“The only time we suffer is when we believe a thought that argues with what is. When the mind is perfectly clear, what is is what we want.” – Byron Katie 

When I was a kid, I always felt compelled to play by the rules. I walked throughout the elementary school hallways  when I wanted to run, waited for my parents to sort out my Halloween candy into rations before diving head deep into my pillowcase full of tootsie rolls, and even tried my best to control my self-expression (talking) throughout a decade and a half of schooling. Whenever I deviated from the particular socially accepted etiquette, I felt uncertain and uncomfortable.

As I got older, I noticed that many of the kids around me were breaking all sorts of rules. In the midst of the most awkward years of my life, middle school, bullying started to show its face. Cliques began to form and rebellion felt like a natural form of expression for others. Yet, I still was too damn chicken-shit to participate. I can still remember how I felt when I was sent to the principal for being part of a ‘food fight’ in 4th grade. My food fight participation had more to do with fitting in as I sneakily tossed my empty Yoo-hoo box across the cafeteria.

That experience was followed by another rebellious one… I got a detention for drinking water during my freshman year of high school. Yea, I know what ya’ll are thinking? This dude is an absolute REBEL. Well….not exactly.

While I did feel quite alive after ‘participating’ in the food fight and confused about my 9th grade history teacher’s water policy, I did know this: I was continuously looking for permission before I acted.

Moving forward, this behavior began to clearly seek deeper repercussions than the detention and short suspension for the chocolate milk throwing and the rebellious water drinking.

Imagine creating a belief that said behaving in a certain way would prevent you from being judged, getting in trouble, or face rejection? Would you be inclined to behave like this?

For about a quarter of century, that was a belief that I held closer than that pillowcase of Halloween candy.

I was constantly seeking permission. Am I allowed to do this or explore that? I needed rules…..I craved ultimate certainty that what I was doing was ‘correct’.

I believed that what I would see others do, wear, and act was how I was supposed to act. Everything that I was told, I believed. I was completely under the control of my environment and surrounds, or so I thought.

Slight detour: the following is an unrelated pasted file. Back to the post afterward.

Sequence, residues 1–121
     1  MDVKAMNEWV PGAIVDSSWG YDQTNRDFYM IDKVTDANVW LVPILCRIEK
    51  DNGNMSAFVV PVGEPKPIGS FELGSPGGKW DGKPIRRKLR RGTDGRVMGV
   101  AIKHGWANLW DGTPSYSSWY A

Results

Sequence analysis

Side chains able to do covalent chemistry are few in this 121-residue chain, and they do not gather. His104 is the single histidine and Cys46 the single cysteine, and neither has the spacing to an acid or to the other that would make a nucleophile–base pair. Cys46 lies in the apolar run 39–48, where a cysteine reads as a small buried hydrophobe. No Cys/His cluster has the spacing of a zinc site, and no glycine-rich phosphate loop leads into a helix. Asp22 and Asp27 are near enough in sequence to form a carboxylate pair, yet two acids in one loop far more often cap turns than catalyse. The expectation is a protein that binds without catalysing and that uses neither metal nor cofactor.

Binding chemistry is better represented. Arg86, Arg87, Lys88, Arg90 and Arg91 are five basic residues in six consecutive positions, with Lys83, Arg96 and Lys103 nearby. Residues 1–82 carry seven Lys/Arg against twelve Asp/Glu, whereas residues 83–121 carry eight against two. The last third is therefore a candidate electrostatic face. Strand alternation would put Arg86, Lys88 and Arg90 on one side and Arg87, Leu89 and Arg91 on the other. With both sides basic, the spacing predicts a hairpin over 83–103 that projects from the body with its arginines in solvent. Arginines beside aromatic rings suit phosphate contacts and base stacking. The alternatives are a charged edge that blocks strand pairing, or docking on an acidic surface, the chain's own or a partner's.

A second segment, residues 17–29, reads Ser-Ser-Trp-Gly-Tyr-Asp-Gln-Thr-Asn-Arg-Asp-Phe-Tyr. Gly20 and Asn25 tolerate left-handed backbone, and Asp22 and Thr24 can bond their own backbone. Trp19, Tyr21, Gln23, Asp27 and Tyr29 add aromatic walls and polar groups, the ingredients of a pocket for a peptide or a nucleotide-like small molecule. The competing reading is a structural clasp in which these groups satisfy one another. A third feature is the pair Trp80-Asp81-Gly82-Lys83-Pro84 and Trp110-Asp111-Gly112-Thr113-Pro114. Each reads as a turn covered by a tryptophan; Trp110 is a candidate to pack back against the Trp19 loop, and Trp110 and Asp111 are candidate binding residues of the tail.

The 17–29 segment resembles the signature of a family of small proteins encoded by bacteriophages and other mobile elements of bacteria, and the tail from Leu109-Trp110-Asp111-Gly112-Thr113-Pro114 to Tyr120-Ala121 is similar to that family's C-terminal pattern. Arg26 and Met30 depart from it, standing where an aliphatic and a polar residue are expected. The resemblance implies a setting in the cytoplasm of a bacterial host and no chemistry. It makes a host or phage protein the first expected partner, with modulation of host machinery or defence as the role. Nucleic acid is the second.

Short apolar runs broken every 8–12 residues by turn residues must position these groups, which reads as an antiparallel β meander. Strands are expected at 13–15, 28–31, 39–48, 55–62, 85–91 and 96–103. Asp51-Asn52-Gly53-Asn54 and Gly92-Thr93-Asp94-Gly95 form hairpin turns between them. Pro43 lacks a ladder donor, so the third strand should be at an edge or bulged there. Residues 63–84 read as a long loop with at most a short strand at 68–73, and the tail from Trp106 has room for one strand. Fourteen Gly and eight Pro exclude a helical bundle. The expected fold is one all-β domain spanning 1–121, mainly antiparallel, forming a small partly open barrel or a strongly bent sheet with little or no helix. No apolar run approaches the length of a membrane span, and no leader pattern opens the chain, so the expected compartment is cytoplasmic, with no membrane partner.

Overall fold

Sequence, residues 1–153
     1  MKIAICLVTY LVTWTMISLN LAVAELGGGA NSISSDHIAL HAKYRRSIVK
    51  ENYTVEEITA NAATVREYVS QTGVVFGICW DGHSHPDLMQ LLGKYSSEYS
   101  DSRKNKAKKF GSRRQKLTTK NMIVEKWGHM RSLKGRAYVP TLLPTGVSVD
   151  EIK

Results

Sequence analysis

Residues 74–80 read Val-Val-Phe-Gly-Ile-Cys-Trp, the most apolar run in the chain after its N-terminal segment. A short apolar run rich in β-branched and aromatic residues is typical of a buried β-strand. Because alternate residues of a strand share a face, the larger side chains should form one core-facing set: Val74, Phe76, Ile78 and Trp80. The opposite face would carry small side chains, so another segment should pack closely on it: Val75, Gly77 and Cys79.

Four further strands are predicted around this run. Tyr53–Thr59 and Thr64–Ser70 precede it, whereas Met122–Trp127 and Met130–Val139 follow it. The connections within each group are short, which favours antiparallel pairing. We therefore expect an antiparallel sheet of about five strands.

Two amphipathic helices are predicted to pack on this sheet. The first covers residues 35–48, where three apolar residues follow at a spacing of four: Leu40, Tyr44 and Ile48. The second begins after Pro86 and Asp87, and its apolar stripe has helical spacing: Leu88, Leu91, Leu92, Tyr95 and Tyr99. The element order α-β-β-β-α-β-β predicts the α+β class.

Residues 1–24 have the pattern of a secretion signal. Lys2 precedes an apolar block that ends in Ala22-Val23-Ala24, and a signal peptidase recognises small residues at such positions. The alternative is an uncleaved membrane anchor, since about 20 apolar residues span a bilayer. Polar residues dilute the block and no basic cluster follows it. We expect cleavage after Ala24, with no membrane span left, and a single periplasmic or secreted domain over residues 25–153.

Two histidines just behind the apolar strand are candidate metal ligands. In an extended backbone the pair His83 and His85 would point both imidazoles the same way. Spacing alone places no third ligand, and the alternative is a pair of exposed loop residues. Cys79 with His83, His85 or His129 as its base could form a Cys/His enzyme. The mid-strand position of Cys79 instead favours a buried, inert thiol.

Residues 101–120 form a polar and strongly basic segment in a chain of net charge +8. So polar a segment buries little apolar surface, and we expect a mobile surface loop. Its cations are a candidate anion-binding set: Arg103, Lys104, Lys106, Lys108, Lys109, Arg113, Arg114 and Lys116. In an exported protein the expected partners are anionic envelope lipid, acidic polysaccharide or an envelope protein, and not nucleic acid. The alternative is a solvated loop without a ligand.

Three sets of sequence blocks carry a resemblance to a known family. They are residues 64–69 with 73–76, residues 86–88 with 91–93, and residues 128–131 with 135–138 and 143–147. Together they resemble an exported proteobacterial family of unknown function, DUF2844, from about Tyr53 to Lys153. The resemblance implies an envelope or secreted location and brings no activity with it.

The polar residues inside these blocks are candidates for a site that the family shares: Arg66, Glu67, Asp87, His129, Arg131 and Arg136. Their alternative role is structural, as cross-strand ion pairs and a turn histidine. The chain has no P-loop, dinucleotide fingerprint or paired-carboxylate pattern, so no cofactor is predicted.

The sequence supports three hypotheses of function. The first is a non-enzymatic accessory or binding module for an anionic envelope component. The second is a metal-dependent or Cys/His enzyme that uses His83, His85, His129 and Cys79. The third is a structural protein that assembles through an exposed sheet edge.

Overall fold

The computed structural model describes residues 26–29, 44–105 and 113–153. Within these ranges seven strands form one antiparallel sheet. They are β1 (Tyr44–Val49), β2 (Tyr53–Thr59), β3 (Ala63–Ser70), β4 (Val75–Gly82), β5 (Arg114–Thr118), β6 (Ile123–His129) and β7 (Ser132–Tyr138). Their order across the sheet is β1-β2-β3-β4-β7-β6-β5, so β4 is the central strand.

So what did I sacrifice in order to seek permission?

As I began to form my own thoughts around societal influences, I noticed how disconnected I actually was from my core truths. I sought permission from others to act in a way that they found ‘acceptable’ while looking for the behavioral choices that would lead me towards acceptance and out of trouble.

During year twenty six, I decided that it may be time to disrupt the rabblement. What would happen if I decided to grant myself permission?

What if I allowed myself to be: MYSELF.

Without allowing fears, doubts, or rules guide my actions. What would life look like?

I gave myself permission to:

Go to bed at 11pm. Give up alcohol entirely. Travel without plans. Speak before thinking. Be kinder to myself and others. Express my desires to women openly and honestly. Embrace my emo-bro side.

I gave myself PERMISSION to shine. I gave myself PERMISSION to be me.

I can’t grant you the permission that you’re seeking. Your best friend, parents, or significant other don’t have the power to give you this right either. That permission must come from within.

As a young brave girl from a dove ad awareness campaign said, “The things that make us feel insecure are the things that make us different. But the things that make us different, are the things that make us unique. And that is what makes us beautiful.”

I give myself permission to ______________.

We’d love to hear you courageously share what you are ready to give yourself permission to do in the comments below!

Photo by Garrett

Josh Barad

I'm Josh Barad, founder and CUO (Chief Uncomfortable Officer) at In The Middle Seat. I help the peeps of my generation lead more meaningful lives through living uncomfortably.

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